IT was meant to be a serene dive to marvel at the stunning coral reefs of the Red Sea.
But Brit Dan White watched in horror as the expedition turned to terror when a shark attacked a fellow diver.
Dan, 33, from Aldershot, Hampshire, caught the horrifying moment on camera while diving at the Brothers Islands 40 miles off the mainland of Egypt.
A fellow diver can be heard screaming in terror amid the attack five metres below the surface, in footage seen in the new BBC documentary Why Sharks Attack.
Now experts are warning there could be more shark attacks at Egyptian holiday hotspots – as the hungry predators run out of food due to overfishing – and urging tourists to be aware of their outfit choices in the sea.
Just last month a 23-year-old tourist was killed as he swam at Hurghada and in 2022 two people were mauled to death within days of each other.
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Veteran shark analyst Ralph Collier tells The Sun how he once investigated a spate of five attacks in five days, unusually close to the shore of Sharm el-Sheikh.
He found that, while some victims lost their arms, others had bites taken out their backsides because dive bosses were encouraging tourists to hand feed sharks, which realised fish were being kept in bum bags. The Egyptian Government has since cracked down on the practice.
Ralph, president of America’s Shark Research Committee, said: “I’ve probably examined more fatal shark attack victims than anyone currently on the planet and it never gets any easier.
“Sharks prefer deep water but the topography of this tourist area is such that you have a sloping beach that drops away to up to 2,000 ft deep. Sharks can be swimming right next to you.
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“If I was a tourist I would be very cautious about diving or swimming in the Red Sea. The area needs trained lifeguards on beaches at all times. South Africa, where there have been many attacks, have lifeguards who are highly trained in treating victims, right on the beach before emergency people arrive.
“The Egyptian authorities need to look at what’s taking place. When you live off tourism you have to be sure you’re doing everything possible to keep that business.”
Ralph also advises holidaymakers to avoid wearing glittering jewellery on holiday, which could attract the animals as it can be mistaken for fish, and brightly coloured swimsuits.
Dan was completing his deep diver certificate with five others when he recorded the moment a shark tore at a man’s legs, filling the sea with blood in 2018.
The diver was given first aid on his boat and survived his attack but shark behaviour experts have warned there could be more attacks in popular holiday areas.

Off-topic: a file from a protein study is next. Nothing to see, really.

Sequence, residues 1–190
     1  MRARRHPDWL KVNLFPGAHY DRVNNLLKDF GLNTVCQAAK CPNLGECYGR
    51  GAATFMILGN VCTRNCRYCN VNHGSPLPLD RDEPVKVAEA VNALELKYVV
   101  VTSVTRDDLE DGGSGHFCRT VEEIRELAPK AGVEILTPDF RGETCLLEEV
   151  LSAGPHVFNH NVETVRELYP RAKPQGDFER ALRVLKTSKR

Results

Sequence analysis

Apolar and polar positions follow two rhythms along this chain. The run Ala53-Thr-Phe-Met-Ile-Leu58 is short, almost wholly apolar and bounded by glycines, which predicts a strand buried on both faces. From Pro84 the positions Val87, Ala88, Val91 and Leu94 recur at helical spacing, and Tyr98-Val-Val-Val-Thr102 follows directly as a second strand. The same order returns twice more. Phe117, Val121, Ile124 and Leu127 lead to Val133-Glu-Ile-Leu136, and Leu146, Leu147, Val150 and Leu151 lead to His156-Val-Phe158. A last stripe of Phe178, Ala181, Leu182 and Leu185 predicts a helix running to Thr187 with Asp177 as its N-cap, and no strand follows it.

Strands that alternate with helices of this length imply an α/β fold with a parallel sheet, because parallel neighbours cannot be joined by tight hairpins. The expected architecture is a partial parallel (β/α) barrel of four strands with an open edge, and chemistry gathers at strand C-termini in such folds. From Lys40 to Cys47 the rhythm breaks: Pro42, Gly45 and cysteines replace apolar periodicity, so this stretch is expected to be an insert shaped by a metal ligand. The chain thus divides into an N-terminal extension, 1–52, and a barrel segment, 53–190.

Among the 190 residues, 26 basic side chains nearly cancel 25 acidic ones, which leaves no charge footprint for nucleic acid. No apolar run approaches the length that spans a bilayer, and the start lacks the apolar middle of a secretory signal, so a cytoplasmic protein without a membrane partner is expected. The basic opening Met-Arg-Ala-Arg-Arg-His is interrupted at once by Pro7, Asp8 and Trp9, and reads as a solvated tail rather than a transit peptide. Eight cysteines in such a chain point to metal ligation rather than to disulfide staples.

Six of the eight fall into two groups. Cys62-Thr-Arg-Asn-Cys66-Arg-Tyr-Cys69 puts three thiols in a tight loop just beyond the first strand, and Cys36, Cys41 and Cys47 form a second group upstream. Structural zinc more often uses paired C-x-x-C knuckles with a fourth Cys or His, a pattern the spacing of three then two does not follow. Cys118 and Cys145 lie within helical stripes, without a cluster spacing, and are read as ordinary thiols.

They believe a combination of climate change, fishing and tourism are changing the way sharks hunt – and more humans could be on the menu.
Nour Farid, of the Red Sea conversation group HEPCA, believes there were too many divers around the shark when it struck during Dan’s trip.
He says sharks are now hunting in shallower waters due to overfishing – and said rising numbers of tourists are also a problem.
Nour said: “If you watch that video, there are too many divers around when the shark had a go.
“There’s more people than ever before in the Red Sea which means there’s more probability a shark comes and bites someone. It’s simple.
“We did a calculation of a specific dive site in a specific area and the sustainable number of dives should have been between 25,000 to 30,000 a year. When we counted we found there were more than 250,000 dives a year.”
Last month, 23-year-old Russian Vladimir Popov was heard screaming “Papa, Papa” after a 10ft shark dragged him under water while swimming in Hurghada.
Witnesses said the sea turned a deep crimson red as the shark toyed with his body for more than two hours as his family watched on helplessly.
His dad Yury said: “We went to the beach to relax.
“What kind of help can you give? This meat grinder happened in 20 seconds, he was just dragged under.”
The beast was hunted down and beaten to death by fisherman before it was mummified and put on display in a local museum.
It turned out to be a pregnant tiger shark which carries up to 70 offspring a year.
Nour told the documentary that the autopsy revealed the shark had veered away from its usual behaviour of hunting in deep waters to find food in the shallows where tourists swim.
He said: “There were no leftovers of fish in the shark’s stomach . We see this shark went for feeding and not just because it just, like. bumped into somebody or something on the surface.”
He is calling for a fishing ban to be introduced in the Red Sea to restore depleted stock and give sharks more food.
In July last year there were two fatal shark attacks within days at Hurghada.
Tourists and locals were recorded screaming and crying from a jetty as Austrian Elisabeth Sauer, 68, was savaged by a Mako shark, an endangered species in the Red Sea. She lost an arm and a leg and died of shock on her way to hospital.
The next day Romanian Roxana Donisan, 44, was discovered nearby, her body savaged by a shark. She was identified after failing to show up at her hotel.
The number of shark attacks worldwide has remained between 80 and 120 for over a decade – despite declining predator numbers.
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Why Sharks Attack is on BBC iPlayer now
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